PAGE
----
Top tips for organising a house-to-house collection
Make it sociable
‘We make our door-to-door collection a sociable evening. We go out in small groups around the village, have lots of chat along the way and finish afterwards with a cuppa (and more chat!) in one of the collector's homes.’ Barbara Rea, County Antrim.
Collecting as part of a group – or even as a whole church – makes it more fun, while gathering for refreshments afterwards can be a real incentive for collectors.
Hold an introductory meeting
‘Meeting up with all the collectors before Christian Aid Week – couldn’t do without it! It allows everyone to feel part of a team, gives me the chance to distribute materials quickly and by viewing the videos together, we’re up to date with the themes for the week and can discuss them.
‘After supper and great hilarity, everyone goes away keen to get started and with perhaps a little bit of rivalry going on!’ Lorna Hall, Glasgow
A sociable gathering just before Christian Aid Week can help build up your team, increasing their confidence and motivation. Show the video and ask collectors to share their stories.
Share the Good News
'House to house is a great way to speak with your neighbours, to meet them where they are and to build relationships with them.
'It’s an opportunity to say we are from the local Church and we care enough about our neighbours living in poverty around to the world to go out and collect, and we would love to support you, our local neighbours, in any way we can also.’ Peter Donnison, Cardiff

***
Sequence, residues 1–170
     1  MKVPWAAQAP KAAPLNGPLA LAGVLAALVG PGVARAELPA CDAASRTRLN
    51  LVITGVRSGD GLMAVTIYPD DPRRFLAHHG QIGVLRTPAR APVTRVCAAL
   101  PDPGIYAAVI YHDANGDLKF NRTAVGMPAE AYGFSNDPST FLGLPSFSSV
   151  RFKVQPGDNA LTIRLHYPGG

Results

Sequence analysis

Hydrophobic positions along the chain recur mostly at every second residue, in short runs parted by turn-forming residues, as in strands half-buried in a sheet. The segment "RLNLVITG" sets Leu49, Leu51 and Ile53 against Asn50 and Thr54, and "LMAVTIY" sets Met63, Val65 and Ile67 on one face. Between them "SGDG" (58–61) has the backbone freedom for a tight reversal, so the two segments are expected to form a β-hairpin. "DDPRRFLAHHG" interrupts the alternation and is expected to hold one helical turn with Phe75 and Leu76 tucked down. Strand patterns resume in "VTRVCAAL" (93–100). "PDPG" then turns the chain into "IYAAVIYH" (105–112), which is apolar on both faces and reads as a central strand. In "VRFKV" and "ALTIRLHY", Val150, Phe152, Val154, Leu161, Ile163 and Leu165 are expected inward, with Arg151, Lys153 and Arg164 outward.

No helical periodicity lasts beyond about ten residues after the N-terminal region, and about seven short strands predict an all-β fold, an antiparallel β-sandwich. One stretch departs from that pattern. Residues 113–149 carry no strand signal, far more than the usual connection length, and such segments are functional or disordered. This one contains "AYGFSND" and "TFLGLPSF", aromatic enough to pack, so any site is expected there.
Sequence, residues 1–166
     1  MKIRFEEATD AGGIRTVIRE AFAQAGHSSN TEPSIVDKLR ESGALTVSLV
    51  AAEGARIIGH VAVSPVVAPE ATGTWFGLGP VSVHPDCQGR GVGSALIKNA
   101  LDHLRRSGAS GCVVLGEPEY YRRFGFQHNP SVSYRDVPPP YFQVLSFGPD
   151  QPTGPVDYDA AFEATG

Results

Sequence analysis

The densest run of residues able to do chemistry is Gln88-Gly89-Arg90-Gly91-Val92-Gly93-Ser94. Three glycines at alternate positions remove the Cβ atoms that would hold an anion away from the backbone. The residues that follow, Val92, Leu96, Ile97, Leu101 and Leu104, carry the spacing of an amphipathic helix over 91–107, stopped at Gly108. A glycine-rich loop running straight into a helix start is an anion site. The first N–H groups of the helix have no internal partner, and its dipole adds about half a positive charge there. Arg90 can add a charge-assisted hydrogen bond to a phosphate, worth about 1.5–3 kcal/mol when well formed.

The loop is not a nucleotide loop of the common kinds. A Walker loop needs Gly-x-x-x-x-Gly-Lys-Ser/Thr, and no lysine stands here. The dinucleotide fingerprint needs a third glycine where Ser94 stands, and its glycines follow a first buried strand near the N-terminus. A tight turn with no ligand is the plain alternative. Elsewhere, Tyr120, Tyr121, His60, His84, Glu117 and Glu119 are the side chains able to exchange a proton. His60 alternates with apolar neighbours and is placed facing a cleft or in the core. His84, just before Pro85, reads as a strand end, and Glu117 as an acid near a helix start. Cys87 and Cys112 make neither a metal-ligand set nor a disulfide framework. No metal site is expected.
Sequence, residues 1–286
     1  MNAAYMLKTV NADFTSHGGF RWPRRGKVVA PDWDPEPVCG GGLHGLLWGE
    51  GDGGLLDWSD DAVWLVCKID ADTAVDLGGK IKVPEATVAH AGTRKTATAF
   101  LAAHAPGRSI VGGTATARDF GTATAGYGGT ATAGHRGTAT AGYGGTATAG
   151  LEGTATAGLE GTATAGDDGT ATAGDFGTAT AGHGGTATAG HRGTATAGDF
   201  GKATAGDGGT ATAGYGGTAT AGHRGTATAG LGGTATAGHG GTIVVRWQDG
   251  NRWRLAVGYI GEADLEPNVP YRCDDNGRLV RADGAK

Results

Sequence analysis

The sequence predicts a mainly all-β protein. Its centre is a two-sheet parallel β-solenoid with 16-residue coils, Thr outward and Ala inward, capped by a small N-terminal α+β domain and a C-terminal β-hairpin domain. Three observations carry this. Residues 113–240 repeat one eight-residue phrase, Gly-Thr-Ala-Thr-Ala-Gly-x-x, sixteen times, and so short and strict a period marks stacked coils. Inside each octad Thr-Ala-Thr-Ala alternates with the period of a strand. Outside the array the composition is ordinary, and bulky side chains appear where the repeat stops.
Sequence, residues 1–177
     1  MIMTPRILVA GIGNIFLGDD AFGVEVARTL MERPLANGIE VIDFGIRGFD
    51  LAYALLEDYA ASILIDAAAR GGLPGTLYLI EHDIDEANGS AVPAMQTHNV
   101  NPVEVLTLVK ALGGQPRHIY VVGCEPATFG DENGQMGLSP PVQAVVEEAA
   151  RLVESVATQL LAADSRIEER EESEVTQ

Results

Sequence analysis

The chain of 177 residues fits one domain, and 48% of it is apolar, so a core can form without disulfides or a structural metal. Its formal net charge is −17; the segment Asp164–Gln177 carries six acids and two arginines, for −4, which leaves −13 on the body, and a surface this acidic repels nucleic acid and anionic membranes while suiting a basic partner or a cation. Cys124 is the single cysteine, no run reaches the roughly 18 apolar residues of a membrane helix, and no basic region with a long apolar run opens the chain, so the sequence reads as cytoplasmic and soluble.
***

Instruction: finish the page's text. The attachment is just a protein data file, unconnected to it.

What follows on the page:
Christian Aid Week is the biggest act of Christian witness in Britain and Ireland, and provides a perfect opportunity for us to share God’s love with our neighbours. You could distribute flyers about your Big Brekkie, special service or church initiative along with your envelopes.
Advertise a collection point
‘For hard-to-reach areas, we leave a note asking people to return their envelope to our local supermarket, or bring it to the Christian Aid Week coffee morning.’ Sue Greener, East Sussex
Using a local collection point for some or all of your streets is a useful tactic if you’re short of collectors or have people reluctant to knock on doors. It can also be used for houses with ‘no-cold-calling’ stickers.
Get the word out!
‘I made the effort to get an article about Christian Aid Week, and the contribution made by all our volunteers, into the local paper. It made a real difference.
‘When we went out collecting, people did seem more willing to give, envelopes ready at the door, thanking us for doorstep collecting – I even had one lady shake my hand!’ Neil Fisher, East Sussex
Boost awareness of your collections and events in the local press and on social media – photos and personal quotes will increase the likelihood of your article being published and read. Your local office can support you with this.
Train up the next generation
‘I’ve been taking my daughter collecting with me for years now – she really enjoys it and people love giving her their envelope full of money!’ Larry Bush, Northumberland
Children can be very effective collectors’ assistants – you must be over 16 to collect house to house in your own right. Running a school assembly about Christian Aid Week is a great way of reaching lots of young people, as well as prompting parents to give.
Ask your local office
‘I am personally grateful for all the friendships that have developed over the past 15 years in my dealing with Christian Aid’s Birmingham office. I would like to express my thanks to everyone there for all that you do, and have done, in supporting our fundraising efforts here in Elkington.’ Mary Briscoe, Worcestershire
Your local Christian Aid team is there to support you. Please do get in touch to explore how to make the most of Christian Aid Week, and let us know if you decide to try out any of these tips. We’d also love to hear if you have your own top tips to share!
When is the next Christian Aid Week taking place?
- 13-19 May 2018
- 12-18 May 2019
- 10-16 May 2020